Thanksgiving and Friendship

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What better time is there to be grateful for old friends than during Thanksgiving? I recently had the pleasant experience of an unexpected phone call from one of my oldest friends. We had been together since the sixth grade, all the way through college, when our paths diverged. I moved away pursuing a new career in medicine, while he stayed in Chicago, eventually to take over his father’s business. Except for an annual card at Christmas from him, and a newsy holiday letter from me, we hadn’t connected with each other in decades.  I’m not on Facebook or social media sites, but thanks to my profession, anyone can l easily look up my office number, which is what he did. We exchanged home numbers, and subsequently talked at length about the events of our past lives. We reminisced about things we did in our younger days, and what happened to the friends we had in common.  I learned that after he eventually sold his father’s business, he started a new career working for the State. He also became a model, went to acting school, and had steady gigs in local productions. He sounded grounded, happy, and brought back the memories of our shared good times. I didn’t ask why my friend had chosen this particular time to reach out to me in all the years since we have been apart, but I suspect that our present times of Covid and enforced isolation may consciously or unconsciously have played a role in his picking up the phone.Research has shown that psychological distress often causes nostalgia. People tend to experience this sentimental longing when life feels uncertain or meaningless. Psychologists have found that nostalgia increases self-esteem and confidence, making us feel more connected and optimistic. While we may experience nostalgia for any period of our life, we most desire to reconnect with our late adolescence and early adulthood – the period when we most develop our own sense of identity.Regardless of the motivation behind his call, I found myself smiling for days as I replayed our conversations in my head. Why do so many of us allow these old connections to atrophy? Often it is precipitated by a physical separation. We become enmeshed in trying to create a new space and a new life in our current place, and what is out of our sight soon becomes out of mind. It takes will and energy to maintain friendships, and sadly, many of us do not put in the time and effort it takes to keep these relationships alive. It isn’t until we are faced with some crises in our lives that we suddenly face the realization that there are very few people around us who not only know us, but also care. Our contact list may contain hundreds of names of those with whom we may have shared some social exchange, but few, if any who we feel really know us, or have a real interest in sharing the triumphs and tribulations of our lives.Perhaps this is the most significant part of the Thanksgiving holiday, rather than the feasting and football games on TV – the sharing of friendship, the reconnection of family bonds, and recognition of how fortunate we are in having someone with whom to celebrate. If you haven’t reconnected with an old friend or family member, can you think of a better time to reach out and call? Happy Thanksgiving to you all!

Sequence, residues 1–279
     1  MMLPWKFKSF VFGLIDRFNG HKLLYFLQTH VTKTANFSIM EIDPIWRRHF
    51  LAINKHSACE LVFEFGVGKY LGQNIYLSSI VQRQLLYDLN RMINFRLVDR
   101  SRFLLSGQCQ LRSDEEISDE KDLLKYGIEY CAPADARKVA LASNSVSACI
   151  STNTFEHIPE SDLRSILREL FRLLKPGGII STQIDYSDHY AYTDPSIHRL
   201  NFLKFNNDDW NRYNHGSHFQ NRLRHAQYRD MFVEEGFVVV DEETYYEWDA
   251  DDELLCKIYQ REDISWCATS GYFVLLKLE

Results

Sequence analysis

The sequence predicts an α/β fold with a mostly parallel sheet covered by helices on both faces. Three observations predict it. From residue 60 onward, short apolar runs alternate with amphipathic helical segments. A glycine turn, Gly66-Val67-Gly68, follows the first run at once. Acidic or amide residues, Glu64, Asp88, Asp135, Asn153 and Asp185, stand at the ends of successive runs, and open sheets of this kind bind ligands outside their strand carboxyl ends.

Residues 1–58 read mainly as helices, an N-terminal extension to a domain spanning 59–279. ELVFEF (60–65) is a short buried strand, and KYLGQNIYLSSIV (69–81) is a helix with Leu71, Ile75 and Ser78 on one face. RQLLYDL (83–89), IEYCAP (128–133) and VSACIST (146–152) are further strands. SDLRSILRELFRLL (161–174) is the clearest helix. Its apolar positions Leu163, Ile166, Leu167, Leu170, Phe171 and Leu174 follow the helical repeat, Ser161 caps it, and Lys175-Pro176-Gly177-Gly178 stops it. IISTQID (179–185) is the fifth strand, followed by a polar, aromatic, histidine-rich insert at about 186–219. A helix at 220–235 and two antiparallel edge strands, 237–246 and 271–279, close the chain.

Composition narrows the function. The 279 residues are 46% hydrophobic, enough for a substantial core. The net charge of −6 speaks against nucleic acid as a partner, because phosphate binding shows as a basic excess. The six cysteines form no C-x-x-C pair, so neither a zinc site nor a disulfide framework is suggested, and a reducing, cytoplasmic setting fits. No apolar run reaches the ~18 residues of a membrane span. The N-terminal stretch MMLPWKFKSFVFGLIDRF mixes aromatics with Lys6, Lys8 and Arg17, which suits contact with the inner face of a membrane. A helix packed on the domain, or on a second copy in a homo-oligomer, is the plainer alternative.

This entry was posted in America, Family, friendship, Happiness, Loneliness, Relatioships, Thoughts & Musings and tagged , . Bookmark the permalink.

1 Response to Thanksgiving and Friendship

  1. HensBlooms says:

    Great reminder to be thankful! Happy Thanksgiving to you

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